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Cloud Computing Used by 83% of Healthcare Organizations

Healthcare organizations are adopting cloud-based services as an alternative to traditional information technology (IT) services, according to a recent ...

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|Jul 18|magazine6 min read

Healthcare organizations are adopting cloud-based services as an alternative to traditional information technology (IT) services, according to a recent survey from HIMSS Analytics.

Across the United States, 82.7 percent of the 150 respondents of the 2014 HIMSS Analytics Cloud Survey reported that their healthcare organization currently uses cloud services. An additional 9.3 percent stated they were planning to begin using cloud services.

The top three reasons for adopting cloud services were lower maintenance costs, speed of deployment and lack of internal staffing resources. Half of the respondents using cloud services reported using these services to host clinical applications, primarily using Software as a Service (SaaS).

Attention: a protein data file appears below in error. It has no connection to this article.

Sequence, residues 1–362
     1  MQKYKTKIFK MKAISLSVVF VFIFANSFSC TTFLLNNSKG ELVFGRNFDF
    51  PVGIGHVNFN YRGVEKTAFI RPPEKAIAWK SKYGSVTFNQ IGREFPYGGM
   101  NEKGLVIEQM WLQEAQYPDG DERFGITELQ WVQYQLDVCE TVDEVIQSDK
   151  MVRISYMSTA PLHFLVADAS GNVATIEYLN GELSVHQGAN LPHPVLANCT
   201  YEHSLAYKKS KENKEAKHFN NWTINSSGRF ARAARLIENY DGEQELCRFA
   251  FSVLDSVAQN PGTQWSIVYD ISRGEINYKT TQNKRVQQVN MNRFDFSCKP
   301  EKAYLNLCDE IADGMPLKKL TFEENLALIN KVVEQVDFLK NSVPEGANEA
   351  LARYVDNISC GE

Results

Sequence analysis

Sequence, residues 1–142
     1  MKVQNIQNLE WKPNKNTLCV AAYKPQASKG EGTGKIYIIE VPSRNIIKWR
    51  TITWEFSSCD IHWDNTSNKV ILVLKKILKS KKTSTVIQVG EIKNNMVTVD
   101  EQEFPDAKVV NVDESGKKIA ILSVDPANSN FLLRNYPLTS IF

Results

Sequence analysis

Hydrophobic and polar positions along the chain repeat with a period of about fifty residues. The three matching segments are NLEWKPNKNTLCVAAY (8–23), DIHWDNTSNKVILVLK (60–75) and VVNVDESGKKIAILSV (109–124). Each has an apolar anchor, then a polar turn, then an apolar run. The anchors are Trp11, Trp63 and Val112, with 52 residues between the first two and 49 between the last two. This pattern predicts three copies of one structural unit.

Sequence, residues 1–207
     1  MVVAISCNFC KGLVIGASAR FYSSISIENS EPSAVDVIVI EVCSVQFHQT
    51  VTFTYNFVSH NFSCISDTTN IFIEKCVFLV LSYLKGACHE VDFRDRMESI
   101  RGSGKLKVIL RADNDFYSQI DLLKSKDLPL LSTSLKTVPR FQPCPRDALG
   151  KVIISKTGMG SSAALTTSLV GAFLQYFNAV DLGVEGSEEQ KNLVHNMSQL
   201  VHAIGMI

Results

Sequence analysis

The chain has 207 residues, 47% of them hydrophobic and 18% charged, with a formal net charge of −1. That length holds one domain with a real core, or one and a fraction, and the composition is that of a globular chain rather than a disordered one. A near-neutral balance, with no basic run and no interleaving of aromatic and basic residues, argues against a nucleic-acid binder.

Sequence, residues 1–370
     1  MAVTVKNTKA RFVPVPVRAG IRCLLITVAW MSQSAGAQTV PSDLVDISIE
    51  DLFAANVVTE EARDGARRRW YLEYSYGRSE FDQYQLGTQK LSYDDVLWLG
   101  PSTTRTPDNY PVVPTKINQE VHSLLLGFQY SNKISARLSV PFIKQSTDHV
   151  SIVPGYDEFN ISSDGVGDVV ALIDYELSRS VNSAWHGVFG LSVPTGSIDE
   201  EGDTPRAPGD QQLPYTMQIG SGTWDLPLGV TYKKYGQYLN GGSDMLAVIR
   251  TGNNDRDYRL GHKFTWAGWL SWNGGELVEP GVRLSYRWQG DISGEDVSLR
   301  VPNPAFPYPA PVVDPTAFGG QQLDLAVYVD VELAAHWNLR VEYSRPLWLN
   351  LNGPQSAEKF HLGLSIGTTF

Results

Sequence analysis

“Cloud services have been long praised as a tool to reduce operating expenses for healthcare organizations.  The data presented in our inaugural survey demonstrates the healthcare industry’s eagerness to leverage this resource,” said Lorren Pettit, vice president of Market Research for HIMSS Analytics. “With such a positive market outlook, we hope vendors will leverage the business intelligence gleaned from this report, continue working with providers to meet their needs, and help healthcare organizations provide the most cost-efficient care.”  

Not all healthcare organizations are willing to embrace cloud services however. Security issues, both technical and physical, and the willingness to enter into a Business Associate Assignment (BAA) were identified as key concerns for healthcare organizations seeking cloud services.

Even after a cloud services provider has been selected and the services adopted by the organization, challenges still remain. Two-thirds of healthcare organizations cited performance issues, including costs and fees, lack of visibility into ongoing operations, and customer service.

Six percent of survey respondents noted that their healthcare organization would not be using cloud services in the future, stating security concerns were the primary barrier to their willingness to adopt.

“Many healthcare CIOs and others have expressed their intention to use cloud services. However, there are some challenges related to use in healthcare and these are what we hoped to uncover,” said Lisa Gallagher, vice president of Technology Solutions for HIMSS.  “Our next step is for the healthcare industry to work with cloud service providers to move forward together in addressing these challenges.”

To learn about the survey, visit www.himssanalytics.org.